Do You Have to Disclose Flooding When Selling a House?
Consider the following case. You need to sell your current home because you need to relocate for your job. Soon, prospective buyers will begin to arrive. You mention the nice neighborhood, the good restaurants in the area, and the community pool, but you hold back on one detail:
The living room was destroyed when the house flooded four years ago during a hurricane. As a responsible owner, you made all the necessary repairs, but you are aware that it might happen again. Before moving out, you have a few months to sell the house, and you’re concerned about scaring off potential buyers. Your real estate agent advises against bringing up the flood, especially since it was fixed and the house is structurally sound.
- How do you proceed?
- Do you have to warn potential customers , even if it means scaring them off?
- Can you leave out damaging details that haven’t even left a permanent mark on the property?
- After all, the flood happened a long time ago. Where does your duty to act morally end?
What a Disclosure Document is All About
Both home buyers and sellers may find a disclosure document to be crucial. When selling a property, it is common for the owner to put information in writing. Depending on state and local laws, the specifications change.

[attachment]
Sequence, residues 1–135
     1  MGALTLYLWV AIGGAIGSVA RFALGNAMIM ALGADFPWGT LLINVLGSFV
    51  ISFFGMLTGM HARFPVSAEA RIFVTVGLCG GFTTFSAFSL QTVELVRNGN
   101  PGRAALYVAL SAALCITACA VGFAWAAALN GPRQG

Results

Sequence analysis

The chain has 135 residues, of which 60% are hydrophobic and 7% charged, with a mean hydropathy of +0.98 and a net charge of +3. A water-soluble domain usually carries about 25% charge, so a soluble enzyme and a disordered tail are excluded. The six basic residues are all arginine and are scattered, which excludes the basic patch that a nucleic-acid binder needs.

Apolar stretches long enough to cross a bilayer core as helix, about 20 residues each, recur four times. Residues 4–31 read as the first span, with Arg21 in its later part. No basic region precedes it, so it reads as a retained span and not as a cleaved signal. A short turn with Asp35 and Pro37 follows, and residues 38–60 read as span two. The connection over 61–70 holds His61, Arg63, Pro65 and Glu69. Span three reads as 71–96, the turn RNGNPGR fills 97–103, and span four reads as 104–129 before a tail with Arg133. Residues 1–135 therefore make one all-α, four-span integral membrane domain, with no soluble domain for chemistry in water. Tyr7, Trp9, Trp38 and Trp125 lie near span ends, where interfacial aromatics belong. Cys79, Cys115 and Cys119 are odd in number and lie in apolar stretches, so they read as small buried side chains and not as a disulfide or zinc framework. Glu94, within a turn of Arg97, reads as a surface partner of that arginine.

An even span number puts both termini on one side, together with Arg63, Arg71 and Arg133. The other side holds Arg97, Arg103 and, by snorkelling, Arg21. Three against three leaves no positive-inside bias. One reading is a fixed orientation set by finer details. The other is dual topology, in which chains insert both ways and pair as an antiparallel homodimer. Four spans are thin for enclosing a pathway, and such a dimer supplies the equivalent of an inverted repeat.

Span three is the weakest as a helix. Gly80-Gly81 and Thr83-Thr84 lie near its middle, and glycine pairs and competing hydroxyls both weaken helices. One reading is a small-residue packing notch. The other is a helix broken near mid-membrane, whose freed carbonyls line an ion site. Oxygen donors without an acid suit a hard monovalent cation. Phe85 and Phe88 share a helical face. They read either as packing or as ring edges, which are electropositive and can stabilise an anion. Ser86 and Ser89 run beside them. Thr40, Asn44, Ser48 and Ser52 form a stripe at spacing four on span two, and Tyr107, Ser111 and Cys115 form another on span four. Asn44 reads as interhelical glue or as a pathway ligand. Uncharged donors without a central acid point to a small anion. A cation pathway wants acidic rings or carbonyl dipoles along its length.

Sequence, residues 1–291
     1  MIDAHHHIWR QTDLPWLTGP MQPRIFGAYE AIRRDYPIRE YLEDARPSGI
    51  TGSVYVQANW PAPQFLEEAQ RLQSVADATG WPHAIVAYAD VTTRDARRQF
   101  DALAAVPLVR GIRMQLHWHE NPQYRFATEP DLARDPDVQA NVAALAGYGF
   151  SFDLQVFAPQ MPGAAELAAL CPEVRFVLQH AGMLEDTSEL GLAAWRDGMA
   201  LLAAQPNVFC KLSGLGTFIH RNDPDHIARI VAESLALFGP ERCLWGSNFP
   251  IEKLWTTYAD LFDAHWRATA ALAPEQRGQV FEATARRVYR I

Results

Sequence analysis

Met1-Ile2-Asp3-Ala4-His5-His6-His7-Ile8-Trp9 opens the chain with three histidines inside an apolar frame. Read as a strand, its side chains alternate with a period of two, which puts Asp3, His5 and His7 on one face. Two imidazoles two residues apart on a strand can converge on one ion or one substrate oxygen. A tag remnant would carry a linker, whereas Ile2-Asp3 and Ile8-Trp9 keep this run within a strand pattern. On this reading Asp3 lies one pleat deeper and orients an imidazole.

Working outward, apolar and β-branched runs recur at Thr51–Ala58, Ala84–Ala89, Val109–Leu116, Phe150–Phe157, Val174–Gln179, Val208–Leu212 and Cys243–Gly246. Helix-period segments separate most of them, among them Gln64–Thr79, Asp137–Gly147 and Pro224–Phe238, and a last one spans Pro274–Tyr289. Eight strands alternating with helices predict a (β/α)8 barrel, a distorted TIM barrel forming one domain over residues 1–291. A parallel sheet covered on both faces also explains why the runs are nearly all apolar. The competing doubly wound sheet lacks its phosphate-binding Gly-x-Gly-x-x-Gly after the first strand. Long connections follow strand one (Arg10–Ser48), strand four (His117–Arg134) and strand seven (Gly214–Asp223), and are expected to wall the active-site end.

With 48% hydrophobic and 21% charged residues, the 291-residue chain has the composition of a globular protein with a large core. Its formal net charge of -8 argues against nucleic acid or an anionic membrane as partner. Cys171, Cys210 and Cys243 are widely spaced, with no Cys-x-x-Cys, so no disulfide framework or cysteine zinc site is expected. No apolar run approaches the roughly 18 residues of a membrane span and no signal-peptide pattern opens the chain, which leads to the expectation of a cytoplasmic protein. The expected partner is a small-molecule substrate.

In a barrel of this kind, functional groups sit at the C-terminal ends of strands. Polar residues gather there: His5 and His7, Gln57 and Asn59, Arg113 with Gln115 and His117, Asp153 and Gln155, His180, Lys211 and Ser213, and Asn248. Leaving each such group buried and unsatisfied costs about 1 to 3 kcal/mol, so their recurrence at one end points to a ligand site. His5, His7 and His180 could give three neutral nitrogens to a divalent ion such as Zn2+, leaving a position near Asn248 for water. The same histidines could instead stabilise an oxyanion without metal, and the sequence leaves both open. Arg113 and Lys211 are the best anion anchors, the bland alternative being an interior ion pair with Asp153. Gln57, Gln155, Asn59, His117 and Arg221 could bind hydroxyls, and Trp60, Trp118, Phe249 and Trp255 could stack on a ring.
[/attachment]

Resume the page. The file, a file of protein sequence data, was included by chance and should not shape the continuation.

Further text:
In general, a disclosure document is meant to give information about any flaws in a property that might lower its value. Sellers who knowingly withhold information risk legal action as well as possible criminal conviction. Even if a seller is selling a property “as is,” they usually still have to tell the buyer what’s wrong with it.
Anyone selling a home may be affected by disclosure laws. Even so, they are particularly likely to have an impact on real estate investors who buy houses to renovate and then sell them for a quick profit. Flippers in real estate frequently deal with damaged properties.
Local laws vary
A homeowner is required by law to tell people who are interested in buying their home about certain facts and risks. State-specific disclosure laws differ, but the most typical ones cover hidden dangers like asbestos and lead paint. As strange as it sounds, in many states, sellers are also required to tell buyers if the house has ever been the scene of a murder or if it has a history of being haunted.
Should sellers notify buyers of flooding?
Unfortunately, the solution to this question is somewhat convoluted. Everything depends on the type of home you’re selling and the state in which you’re selling it.
In general, there are two ways to hold someone accountable for failing to disclose the risk of flooding. First, if sellers are aware of the risk of flooding, some states require them to disclose it (like California).
Second, the buyer may sue you—and succeed—for failing to warn them about the risk, even if your state does not require you to do so.
Disclosing Flooding History